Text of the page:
Edinburgh to overture the ensuing Assembly on the sub-were justly deemed to have the more immediate claims on ject. Not contented with this, he stirred up several other Presbyteries and Synods with which he corresponded, to follow the example thus set them. And finally, in order to create a popular inclination to the proposed measure, he prepared, a few weeks before the meeting of the Assembly, an abstract of the returns, so far as they illustra-ing-house, containing two apartments at least; 3d. A garted the more striking deficiencies in education and religions den; 4th. Fuel; 5th. Grass for the summer and winter knowledge throughout the Highlands and Islands. This maintenance of a cow. They were encouraged to demand abstract was printed and circulated largely among the so much, by the success which had attended similar apMembers of Assembly during the first days of the Ses-plications on the part of the Society for Propagating sion. These industrious preparations, seconded by a host Christian Knowledge. It had been found, too, that the of talent in the Assembly, were successful. A committee heritors, who had thus contributed in behalf of the Sowas appointed to digest a plan for the promotion of edu- ciety's schools, were led to take a warmer interest in their cation in such districts as should be found most to stand welfare. And it has since appeared, that the provision in need of assistance; and also, to ascertain what degree of such accommodations has the effect of increasing the of co-operation might be expected from heritors and other respect paid to the schoolmaster by the peasantry. inhabitants of the country on the one hand, and from government on the other.

The Committee next set itself to prepare a set of elementary school-books in the Gaelic language. These are four in number, and are sold for 1s. 2d. The set of English school-books which was afterwards added costs 2s. 4d. Thus a scholar is enabled to procure, for 3s. 6d., all the books which he requires, from the time he commences the alphabet, till he finishes his course of elementary instruction.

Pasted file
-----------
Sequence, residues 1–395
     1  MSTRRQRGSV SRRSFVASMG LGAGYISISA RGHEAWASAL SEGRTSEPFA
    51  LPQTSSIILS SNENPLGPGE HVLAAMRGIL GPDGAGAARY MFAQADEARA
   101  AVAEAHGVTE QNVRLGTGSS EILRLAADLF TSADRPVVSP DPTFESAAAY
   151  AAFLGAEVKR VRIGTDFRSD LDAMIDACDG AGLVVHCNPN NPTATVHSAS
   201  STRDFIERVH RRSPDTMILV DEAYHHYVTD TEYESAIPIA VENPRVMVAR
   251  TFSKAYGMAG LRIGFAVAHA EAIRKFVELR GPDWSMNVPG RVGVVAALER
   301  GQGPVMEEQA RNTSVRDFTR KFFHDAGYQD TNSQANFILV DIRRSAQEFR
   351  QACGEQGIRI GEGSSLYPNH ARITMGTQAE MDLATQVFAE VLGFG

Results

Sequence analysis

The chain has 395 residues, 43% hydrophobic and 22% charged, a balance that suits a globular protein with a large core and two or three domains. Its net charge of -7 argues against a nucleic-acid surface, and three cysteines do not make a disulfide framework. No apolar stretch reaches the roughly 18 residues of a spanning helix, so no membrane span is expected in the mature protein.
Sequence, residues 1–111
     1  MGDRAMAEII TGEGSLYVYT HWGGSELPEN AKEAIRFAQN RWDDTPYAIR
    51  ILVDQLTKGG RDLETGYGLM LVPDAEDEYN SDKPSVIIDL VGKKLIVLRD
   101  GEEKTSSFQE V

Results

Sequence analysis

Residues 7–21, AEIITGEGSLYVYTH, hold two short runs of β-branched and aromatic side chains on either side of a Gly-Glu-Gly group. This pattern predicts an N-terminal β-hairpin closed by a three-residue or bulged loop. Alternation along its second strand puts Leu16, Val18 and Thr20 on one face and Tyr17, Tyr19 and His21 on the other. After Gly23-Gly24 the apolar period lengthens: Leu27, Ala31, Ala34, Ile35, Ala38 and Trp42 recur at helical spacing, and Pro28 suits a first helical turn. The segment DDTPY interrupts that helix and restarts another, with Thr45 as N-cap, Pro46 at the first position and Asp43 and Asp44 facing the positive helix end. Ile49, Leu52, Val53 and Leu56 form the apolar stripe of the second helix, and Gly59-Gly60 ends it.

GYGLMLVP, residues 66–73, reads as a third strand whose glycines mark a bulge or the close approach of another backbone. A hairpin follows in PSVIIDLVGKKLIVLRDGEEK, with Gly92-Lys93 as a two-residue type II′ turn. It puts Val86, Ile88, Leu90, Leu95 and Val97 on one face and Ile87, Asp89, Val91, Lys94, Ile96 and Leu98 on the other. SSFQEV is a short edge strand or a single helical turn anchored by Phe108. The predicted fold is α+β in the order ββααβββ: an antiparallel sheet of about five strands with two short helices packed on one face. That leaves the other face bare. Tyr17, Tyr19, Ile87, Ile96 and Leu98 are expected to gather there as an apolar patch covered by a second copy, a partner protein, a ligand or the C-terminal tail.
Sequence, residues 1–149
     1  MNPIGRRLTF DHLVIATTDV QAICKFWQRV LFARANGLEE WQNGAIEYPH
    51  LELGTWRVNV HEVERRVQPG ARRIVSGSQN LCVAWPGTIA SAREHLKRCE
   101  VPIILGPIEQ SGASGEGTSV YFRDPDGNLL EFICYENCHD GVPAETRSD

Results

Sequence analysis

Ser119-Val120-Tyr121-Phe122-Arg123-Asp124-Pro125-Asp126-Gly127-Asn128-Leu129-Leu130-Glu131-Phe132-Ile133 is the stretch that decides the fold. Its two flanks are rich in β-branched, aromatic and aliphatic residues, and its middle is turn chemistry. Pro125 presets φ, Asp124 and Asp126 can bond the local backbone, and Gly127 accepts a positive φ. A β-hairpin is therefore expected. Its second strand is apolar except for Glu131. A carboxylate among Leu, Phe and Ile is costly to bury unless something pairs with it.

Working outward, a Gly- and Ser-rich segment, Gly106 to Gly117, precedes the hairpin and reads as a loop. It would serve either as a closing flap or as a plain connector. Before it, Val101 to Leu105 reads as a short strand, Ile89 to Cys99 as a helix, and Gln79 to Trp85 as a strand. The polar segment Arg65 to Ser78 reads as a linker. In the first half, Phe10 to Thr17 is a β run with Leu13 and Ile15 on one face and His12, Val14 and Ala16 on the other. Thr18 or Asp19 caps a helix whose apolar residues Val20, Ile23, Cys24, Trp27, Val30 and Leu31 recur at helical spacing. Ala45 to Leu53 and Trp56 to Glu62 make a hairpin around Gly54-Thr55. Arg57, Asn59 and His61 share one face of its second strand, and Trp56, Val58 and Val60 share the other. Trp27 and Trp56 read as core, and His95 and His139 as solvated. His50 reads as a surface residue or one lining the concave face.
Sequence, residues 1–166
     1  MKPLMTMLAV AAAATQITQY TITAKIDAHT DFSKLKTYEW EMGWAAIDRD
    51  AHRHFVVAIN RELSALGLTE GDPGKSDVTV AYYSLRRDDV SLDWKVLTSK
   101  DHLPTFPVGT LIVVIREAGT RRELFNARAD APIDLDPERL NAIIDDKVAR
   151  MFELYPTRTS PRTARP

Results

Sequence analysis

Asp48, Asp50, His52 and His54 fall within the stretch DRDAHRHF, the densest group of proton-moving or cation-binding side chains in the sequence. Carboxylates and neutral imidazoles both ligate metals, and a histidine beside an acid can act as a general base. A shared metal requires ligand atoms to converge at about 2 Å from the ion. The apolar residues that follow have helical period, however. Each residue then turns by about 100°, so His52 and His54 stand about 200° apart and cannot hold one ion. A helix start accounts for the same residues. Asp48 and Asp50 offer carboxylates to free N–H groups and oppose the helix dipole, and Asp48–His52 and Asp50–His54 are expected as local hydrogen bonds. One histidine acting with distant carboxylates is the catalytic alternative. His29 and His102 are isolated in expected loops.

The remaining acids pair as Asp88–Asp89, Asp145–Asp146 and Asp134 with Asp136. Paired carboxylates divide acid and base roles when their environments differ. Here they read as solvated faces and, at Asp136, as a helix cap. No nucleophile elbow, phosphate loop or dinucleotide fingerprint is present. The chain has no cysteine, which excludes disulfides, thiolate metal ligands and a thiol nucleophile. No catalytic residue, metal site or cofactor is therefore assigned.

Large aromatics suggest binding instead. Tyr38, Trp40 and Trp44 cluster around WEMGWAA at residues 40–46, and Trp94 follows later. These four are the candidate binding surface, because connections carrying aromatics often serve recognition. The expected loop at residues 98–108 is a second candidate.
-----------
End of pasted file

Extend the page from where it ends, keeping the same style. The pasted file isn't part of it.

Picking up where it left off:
It is not to be thought that the Committee set about these operations exactly in the order here stated, or that only one of them occupied their attention at one time. We have merely mentioned their occupations thus systemde-atically and apart, in order to give the reader a clearer notion of what they effected. They were likewise busied, during that year, examining candidates for employment as teachers; framing regulations for the management of their schools; and devising a form of commission for their schoolmasters. But, above all, they were busy recommending and encouraging parochial collections in the churches and chapels of ease of the establishment, and soliciting general subscriptions from other sources. In stirring up the public mind, they were spurring a willing horse. They were enabled to report to the General Assembly, in 1826, that a fund had been realized, amounting to £5488-chiefly derived from parochial collections although not one-half of the parishes of Scotland had at that date found it convenient to contribute. They announced to the Assembly, at the same time, that they had, after due enquiry, selected forty stations for schools, in different districts, throughout the Highlands and Islands, where heritors had engaged to supply the requisite accommodations; and that they had already two schools in actual operation. The first of the Assembly's schools was established at Ullapool in the month of October, 1825.